Rarely does a Golden State Warriors game go by without Draymond Green getting into some sort of dispute with the officials. This season alone, he has been assessed 10 technical fouls, four ejections and two suspensions totalling 17 games due to his behavior on the court. On Tuesday, however, he alleges that it was one of his opponents that deserved a closer look from the referees.

In the third quarter of Golden State's victory over the Los Angeles Lakers, Green attempted to contest an Austin Reaves layup. Reaves finished over him, and Green crumpled to the ground afterward in apparent pain. No foul was called. While the replay did show a bit of an elbow swing from Reaves, the contact appeared minimal.

Green expressed his aggravation towards the officials in the moment, and after the game, he alleged a double standard in the way he and his opponents are officiated. "I hit somebody in the face, I get thrown under the jail. When I get hit, we don't see it," Green said after the game. "... When I blow my breath on someone, they're reviewing it for a flagrant foul."

The reality is somewhat more complicated. Even under the best of circumstances, it would be impossible for officials to see everything that happens in the traffic near the rim. Green has both benefitted from and been victimized by that reality. It's simply easier to see fouls in the open space of the perimeter than it is to see them in crowds. Not every foul is going to get called. That feels especially true now, as fouls across the league are down. The Celtics and Bucks played a game on Tuesday in which they combined to attempt only two free throws.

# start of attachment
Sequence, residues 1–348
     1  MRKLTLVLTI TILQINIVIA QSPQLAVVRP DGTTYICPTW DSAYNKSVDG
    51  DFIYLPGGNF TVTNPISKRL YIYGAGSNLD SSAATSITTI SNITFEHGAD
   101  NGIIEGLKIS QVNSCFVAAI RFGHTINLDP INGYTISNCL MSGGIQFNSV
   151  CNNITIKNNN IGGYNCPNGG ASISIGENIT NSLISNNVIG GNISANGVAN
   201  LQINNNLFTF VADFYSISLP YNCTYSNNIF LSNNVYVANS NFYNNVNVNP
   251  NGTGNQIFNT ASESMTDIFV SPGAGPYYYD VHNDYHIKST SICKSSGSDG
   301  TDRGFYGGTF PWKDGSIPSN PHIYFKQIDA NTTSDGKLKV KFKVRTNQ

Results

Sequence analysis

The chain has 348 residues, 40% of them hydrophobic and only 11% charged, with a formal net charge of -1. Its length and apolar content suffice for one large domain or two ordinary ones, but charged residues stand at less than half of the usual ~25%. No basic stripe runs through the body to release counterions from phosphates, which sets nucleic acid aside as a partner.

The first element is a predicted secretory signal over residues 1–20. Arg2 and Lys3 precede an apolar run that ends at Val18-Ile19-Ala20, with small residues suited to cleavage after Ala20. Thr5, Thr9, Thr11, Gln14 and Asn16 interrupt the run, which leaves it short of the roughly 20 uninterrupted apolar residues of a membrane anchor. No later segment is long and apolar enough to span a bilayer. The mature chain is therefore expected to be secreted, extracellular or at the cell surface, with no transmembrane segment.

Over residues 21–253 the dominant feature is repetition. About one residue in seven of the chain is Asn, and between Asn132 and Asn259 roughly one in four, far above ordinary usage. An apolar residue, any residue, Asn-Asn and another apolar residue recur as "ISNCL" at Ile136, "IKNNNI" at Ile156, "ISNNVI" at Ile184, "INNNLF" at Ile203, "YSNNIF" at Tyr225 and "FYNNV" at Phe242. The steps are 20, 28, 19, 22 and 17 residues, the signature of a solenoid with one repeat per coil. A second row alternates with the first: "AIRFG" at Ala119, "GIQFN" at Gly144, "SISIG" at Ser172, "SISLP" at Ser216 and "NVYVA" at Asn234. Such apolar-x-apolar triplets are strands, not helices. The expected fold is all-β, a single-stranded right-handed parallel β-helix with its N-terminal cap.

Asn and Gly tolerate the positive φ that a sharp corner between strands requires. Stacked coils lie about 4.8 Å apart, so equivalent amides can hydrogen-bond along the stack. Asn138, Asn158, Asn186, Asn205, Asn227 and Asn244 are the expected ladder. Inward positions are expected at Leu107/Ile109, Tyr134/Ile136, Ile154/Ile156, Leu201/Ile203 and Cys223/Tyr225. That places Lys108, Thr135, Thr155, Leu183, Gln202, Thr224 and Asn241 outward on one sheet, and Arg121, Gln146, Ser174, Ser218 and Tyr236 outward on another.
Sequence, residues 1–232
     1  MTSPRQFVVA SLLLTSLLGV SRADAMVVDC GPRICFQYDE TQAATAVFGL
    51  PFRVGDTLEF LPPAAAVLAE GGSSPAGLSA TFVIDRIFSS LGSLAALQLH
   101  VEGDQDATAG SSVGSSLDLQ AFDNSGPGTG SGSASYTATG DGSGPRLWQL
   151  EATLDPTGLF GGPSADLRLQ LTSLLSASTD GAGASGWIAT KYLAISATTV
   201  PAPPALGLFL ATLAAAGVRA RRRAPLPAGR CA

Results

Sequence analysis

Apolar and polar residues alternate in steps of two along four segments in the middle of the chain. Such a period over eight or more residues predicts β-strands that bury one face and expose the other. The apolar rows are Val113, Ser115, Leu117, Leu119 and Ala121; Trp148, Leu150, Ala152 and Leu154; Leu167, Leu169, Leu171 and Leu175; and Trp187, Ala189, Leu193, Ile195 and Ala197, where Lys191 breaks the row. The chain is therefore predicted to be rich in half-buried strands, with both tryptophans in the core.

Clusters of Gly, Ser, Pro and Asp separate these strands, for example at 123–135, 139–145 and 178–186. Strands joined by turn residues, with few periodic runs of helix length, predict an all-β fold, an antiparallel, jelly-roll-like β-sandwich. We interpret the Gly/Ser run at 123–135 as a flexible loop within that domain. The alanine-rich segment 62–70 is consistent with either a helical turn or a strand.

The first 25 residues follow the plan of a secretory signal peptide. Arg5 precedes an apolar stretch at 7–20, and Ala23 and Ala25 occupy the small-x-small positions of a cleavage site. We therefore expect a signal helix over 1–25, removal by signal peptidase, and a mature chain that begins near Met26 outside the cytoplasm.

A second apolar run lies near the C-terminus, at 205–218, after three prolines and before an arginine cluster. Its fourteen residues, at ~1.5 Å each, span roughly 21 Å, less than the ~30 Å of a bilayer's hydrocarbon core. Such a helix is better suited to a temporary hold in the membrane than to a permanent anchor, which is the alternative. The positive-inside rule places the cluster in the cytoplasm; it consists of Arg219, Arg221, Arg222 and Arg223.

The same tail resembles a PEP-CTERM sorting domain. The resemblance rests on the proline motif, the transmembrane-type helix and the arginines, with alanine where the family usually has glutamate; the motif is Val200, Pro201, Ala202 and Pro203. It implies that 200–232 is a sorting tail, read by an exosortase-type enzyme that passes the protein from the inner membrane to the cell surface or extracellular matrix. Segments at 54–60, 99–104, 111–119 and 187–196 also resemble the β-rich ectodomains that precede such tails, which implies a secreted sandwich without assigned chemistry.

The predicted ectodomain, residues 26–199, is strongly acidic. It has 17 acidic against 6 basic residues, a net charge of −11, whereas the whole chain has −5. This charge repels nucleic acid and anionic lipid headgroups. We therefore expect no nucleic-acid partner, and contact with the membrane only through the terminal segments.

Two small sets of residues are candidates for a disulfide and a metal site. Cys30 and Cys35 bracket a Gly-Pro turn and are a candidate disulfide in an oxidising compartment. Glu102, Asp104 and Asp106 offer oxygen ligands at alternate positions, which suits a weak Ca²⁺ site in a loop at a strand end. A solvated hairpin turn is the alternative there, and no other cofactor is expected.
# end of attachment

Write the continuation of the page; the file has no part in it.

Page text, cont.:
But the league office has been open about the fact that Green's history of disciplinary issues affects the way that they evaluate punishment whenever he gets into a new scrape. Realistically, it would be impossible for officials not to treat Green the same way. When a player is known for existing on the line between physical play and outright illegal and occasionally dirty play, officials are probably going to pay that player more attention than they would others. Strictly speaking, that isn't fair and it isn't how officials are supposed to act, but it's human nature.

When Green is disciplined, it is frankly for plays that are far more severe than this one was. His two suspensions this season were the result of putting Rudy Gobert in a chokehold and hitting Jusuf Nurkic with a full windup. Those plays just aren't comparable to this one or any of the plays that occur in the normal course of a basketball game. That doesn't mean Green is incapable of getting fouled himself. It does mean that officials are going to watch him more closely than most players because history has told them they have to.